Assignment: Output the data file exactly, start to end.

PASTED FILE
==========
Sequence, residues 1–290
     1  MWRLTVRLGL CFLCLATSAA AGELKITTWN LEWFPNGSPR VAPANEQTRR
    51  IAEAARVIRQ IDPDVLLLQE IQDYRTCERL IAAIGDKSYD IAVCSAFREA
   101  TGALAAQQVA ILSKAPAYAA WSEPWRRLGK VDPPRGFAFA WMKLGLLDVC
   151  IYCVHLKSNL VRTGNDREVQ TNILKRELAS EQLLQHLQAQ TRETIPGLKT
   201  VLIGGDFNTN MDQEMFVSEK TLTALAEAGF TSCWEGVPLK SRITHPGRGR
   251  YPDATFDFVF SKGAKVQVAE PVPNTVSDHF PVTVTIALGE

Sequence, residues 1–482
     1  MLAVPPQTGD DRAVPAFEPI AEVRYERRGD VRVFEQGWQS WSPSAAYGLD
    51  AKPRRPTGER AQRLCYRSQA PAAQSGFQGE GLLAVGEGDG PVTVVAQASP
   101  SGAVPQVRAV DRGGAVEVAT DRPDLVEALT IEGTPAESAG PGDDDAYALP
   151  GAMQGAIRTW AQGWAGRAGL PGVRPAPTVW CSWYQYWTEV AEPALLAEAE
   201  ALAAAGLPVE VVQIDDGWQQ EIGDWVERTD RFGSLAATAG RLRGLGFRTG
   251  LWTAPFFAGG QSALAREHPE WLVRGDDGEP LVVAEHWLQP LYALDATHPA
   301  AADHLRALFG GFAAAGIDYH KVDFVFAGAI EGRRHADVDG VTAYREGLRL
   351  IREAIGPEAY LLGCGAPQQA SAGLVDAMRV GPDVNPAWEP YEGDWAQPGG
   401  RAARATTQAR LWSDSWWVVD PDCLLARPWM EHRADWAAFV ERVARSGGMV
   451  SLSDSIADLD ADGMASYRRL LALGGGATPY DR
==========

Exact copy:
Sequence, residues 1–290
     1  MWRLTVRLGL CFLCLATSAA AGELKITTWN LEWFPNGSPR VAPANEQTRR
    51  IAEAARVIRQ IDPDVLLLQE IQDYRTCERL IAAIGDKSYD IAVCSAFREA
   101  TGALAAQQVA ILSKAPAYAA WSEPWRRLGK VDPPRGFAFA WMKLGLLDVC
   151  IYCVHLKSNL VRTGNDREVQ TNILKRELAS EQLLQHLQAQ TRETIPGLKT
   201  VLIGGDFNTN MDQEMFVSEK TLTALAEAGF TSCWEGVPLK SRITHPGRGR
   251  YPDATFDFVF SKGAKVQVAE PVPNTVSDHF PVTVTIALGE

Sequence, residues 1–482
     1  MLAVPPQTGD DRAVPAFEPI AEVRYERRGD VRVFEQGWQS WSPSAAYGLD
    51  AKPRRPTGER AQRLCYRSQA PAAQSGFQGE GLLAVGEGDG PVTVVAQASP
   101  SGAVPQVRAV DRGGAVEVAT DRPDLVEALT IEGTPAESAG PGDDDAYALP
   151  GAMQGAIRTW AQGWAGRAGL PGVRPAPTVW CSWYQYWTEV AEPALLAEAE
   201  ALAAAGLPVE VVQIDDGWQQ EIGDWVERTD RFGSLAATAG RLRGLGFRTG
   251  LWTAPFFAGG QSALAREHPE WLVRGDDGEP LVVAEHWLQP LYALDATHPA
   301  AADHLRALFG GFAAAGIDYH KVDFVFAGAI EGRRHADVDG VTAYREGLRL
   351  IREAIGPEAY LLGCGAPQQA SAGLVDAMRV GPDVNPAWEP YEGDWAQPGG
   401  RAARATTQAR LWSDSWWVVD PDCLLARPWM EHRADWAAFV ERVARSGGMV
   451  SLSDSIADLD ADGMASYRRL LALGGGATPY DR